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WESTTOWN — If there is one thing West Chester Rustin’s 2015 graduates took away from their commencement Tuesday, it was to expect failure.
But the key is to never give in to it.
“We aren’t fictional characters and while our traits may mirror some of those like Harry (Potter) has, most fictional characters never experience the one thing every single person has or will experience — failure,” said Akweley Okine, the salutatorian. “While failing stings in the moment, it shows you exactly what you need to change in order to be successful.”
Superintendent Jim Scanlon told the seniors in the future years, he hopes they will find ways to make the world a better place.
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He also told them while the world continues to change at a rapid pace, expect some bumps in the road.
“Along the way, we all stumble,” Scanlon said. “We all face hard times at some point or another. The people who often inspire us most are those who face adversity with great optimism and determination and find ways to persevere.”
Principal Michael Marano, while trying to think of a perfect speech for the ceremony, remembered some of his favorite quotes from movies, including “Rocky Balboa.”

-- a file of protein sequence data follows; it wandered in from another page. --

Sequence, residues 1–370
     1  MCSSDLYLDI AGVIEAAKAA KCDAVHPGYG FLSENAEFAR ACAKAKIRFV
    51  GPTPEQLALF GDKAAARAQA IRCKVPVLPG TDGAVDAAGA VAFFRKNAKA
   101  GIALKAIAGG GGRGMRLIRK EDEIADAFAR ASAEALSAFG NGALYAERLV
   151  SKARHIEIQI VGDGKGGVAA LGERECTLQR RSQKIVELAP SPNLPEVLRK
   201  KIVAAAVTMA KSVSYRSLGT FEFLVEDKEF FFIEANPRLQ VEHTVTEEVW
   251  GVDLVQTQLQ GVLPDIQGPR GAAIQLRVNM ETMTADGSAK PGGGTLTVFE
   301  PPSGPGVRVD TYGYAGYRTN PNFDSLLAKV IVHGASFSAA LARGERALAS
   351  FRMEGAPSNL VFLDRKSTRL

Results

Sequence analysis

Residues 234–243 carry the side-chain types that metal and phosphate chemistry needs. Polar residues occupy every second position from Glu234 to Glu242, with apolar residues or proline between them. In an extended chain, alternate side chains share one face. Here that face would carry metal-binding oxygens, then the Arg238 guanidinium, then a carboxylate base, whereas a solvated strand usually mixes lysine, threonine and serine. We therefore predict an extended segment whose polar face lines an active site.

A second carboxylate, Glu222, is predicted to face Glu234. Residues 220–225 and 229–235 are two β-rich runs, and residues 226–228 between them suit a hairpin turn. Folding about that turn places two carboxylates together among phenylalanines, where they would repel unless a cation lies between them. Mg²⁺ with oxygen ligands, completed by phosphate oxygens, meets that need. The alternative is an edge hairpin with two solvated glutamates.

“We’ll never stop being challenged to overcome obstacles in life,” he said. “I think of another one of my favorite movie lines from years past — ‘Nothing hits harder than life. But it’s not about how hard you hit, it’s about how hard you can get hit and keep moving forward.’”
Many students may have already taken those tough punches, but as Okine pointed out, they continued to push through.
“We have made it to this point despite any failures we may have encountered,” she said. “I hope in the future we don’t fear failure, but rather embrace it.”
But even with a chance of failure or stumbles along the way, Marano wished the Class of 2015 to never put their talents aside.
“I keep coming back to one line that I first heard in a movie when I was about your age,” he said. “‘The saddest thing in life is wasted talent.’ What first sounded like a movie cliche took on meaning for me as I ventured out into life and embarked in a career in education.
“Each of you has special talents and gifts. My message to you is do not waste them. Use them to find your way, to make a difference in the world the way you have made a difference here at Rustin. Make no mistake — you have made a difference here.”
The principal left his students, the eighth graduating class from Rustin, with a token of advice which everyone can always use.
“Know you are never alone in life unless you really want to be,” Marano said. “People who truly love you and support you, as we all do, will always do so. Treasure those relationships and they will get you through even the darkest times in your life.”